Arm & Hammer Animal and Food Production
Swine Eating

Industry responding to “Perfect Storm” of African Swine Fever.

Posted October 16, 2019 by Dr. Ellen Davis, Swine Field Technical Service Manager

Livestock diseases don’t typically have a significant impact on the global food supply, but when a disease like African Swine Fever (ASF) leads to the depopulation of entire herds across multiple countries and continents, it quickly becomes a “perfect storm” disease—and no one is immune from its ultimate impact.

What ASF is (and isn’t).

ASF has already decimated swine herds in sub-Saharan Africa and has recently spread to countries in the European Union and Asia, including China, the world’s largest pork producer. By some estimates, pork production losses in that country could hit at least 50% in 2019. Since China produces approximately 114 million metric tons annually, these losses present a clear threat to the global food supply. And since there are no known cures or vaccines for this devastating disease, repopulation often becomes the only option when ASF attacks a herd.

Map of African Swine Fever Outbreaks June 2018 - July 2019
African Swine Fever Outbreaks – June 2018 – July 2019

ASF symptoms include high fever, decreased appetite and weakness, red, blotchy skin or skin lesions, diarrhea and vomiting, coughing and difficulty breathing, according to the USDA. And most believe it’s simply a matter of time before ASF appears in the U.S. as well, creating the need for even more diligent biosecurity measures.

Despite its serious impact on swine herds, ASF is not a threat to human health and cannot be transmitted from pigs to humans. In other words, it’s a food supply issue, not a food safety issue.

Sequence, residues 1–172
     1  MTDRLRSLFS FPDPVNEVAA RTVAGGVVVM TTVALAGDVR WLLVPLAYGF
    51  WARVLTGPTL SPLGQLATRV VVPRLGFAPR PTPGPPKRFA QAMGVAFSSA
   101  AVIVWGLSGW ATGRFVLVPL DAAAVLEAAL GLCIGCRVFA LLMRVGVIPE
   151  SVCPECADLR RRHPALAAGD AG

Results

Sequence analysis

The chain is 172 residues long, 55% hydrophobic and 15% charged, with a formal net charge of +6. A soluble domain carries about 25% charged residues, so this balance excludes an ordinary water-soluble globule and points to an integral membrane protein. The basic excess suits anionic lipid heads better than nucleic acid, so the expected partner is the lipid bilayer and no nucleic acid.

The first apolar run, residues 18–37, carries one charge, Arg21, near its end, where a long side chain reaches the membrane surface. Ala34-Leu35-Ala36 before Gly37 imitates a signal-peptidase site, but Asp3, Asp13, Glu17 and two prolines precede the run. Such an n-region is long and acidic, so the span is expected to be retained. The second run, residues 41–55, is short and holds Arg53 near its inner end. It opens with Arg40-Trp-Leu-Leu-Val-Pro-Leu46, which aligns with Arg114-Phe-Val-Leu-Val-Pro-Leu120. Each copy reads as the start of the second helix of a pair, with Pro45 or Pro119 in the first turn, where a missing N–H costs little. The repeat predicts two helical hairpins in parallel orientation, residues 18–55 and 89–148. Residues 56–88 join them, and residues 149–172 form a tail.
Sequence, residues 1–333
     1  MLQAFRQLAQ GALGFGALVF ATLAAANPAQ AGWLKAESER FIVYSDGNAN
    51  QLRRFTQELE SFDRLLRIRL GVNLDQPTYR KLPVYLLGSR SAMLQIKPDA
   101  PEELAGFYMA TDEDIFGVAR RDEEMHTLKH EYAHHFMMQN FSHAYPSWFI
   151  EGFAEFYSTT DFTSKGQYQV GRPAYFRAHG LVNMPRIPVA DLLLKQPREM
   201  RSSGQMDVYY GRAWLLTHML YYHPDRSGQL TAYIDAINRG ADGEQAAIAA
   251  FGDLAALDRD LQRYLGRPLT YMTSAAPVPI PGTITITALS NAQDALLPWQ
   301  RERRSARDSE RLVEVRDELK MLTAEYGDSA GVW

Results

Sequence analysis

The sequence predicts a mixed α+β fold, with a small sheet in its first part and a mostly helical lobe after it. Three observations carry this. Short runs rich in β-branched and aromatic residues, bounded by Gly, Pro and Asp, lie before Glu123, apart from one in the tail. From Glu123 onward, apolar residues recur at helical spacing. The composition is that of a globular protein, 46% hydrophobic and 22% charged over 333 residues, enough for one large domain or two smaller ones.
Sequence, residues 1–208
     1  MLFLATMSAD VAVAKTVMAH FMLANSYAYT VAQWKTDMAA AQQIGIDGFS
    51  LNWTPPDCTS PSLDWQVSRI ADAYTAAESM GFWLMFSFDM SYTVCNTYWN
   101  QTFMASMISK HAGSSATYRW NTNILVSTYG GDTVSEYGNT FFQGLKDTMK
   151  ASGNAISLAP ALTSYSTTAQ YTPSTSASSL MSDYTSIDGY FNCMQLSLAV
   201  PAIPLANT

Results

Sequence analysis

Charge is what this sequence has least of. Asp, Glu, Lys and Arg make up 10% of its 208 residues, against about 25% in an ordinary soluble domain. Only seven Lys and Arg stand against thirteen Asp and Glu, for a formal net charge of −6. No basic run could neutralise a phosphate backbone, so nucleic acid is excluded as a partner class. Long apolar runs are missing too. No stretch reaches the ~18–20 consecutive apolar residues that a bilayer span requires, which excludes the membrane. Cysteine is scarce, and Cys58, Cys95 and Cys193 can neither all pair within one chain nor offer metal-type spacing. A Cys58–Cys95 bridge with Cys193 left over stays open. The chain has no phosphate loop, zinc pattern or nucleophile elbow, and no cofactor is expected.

Obstacles on the road to repopulation.

As African Swine Fever continues to wreak havoc on herds around the world, the industry can minimize disruption to the global food supply by increasing production elsewhere and repopulating herds in affected countries. There are, however, obstacles standing in the way.

Uncertainty about trade policy is one possible obstacle. Even with the volatility caused by African Swine Fever, we have yet to see many increases in U.S. pork production. Uncertainty about whether there might be a surplus of animals that can’t be exported could be making these producers more risk averse.

Repopulation won’t happen overnight, either. Instead, it could take anywhere from three to five years. And that’s assuming the risk of reinfection doesn’t further delay efforts. In the interim, countries like China will continue to turn to chicken and other alternative protein sources to meet demand.

New strategies for addressing current threats.

When a terrible disease creates the need to repopulate so many herds around the world, it also highlights the role new technologies must play in the future to achieve reproduction and performance gains. These technologies can address the challenges associated with repopulating when fewer traditional tools like antibiotics are available.

Taking a science-based approach, ARM & HAMMER is constantly on the lookout for new ways to achieve desired outcomes. For example, to improve immune function readiness and achieve performance gains, many swine producers are turning to Refined Functional Carbohydrates™ (RFCs™)—available in CELMANAX™. Feeding CELMANAX supports immunity through gut health, helping to make pigs more resilient against difficult environmental and health challenges.

Even when the entire industry isn’t facing a “perfect storm” disease like African Swine Fever, science-based approaches will help producers cope with whatever individual threats they may be facing. Learn more about the spread of ASF and the benefits of RFCs by talking to one of our reps today.

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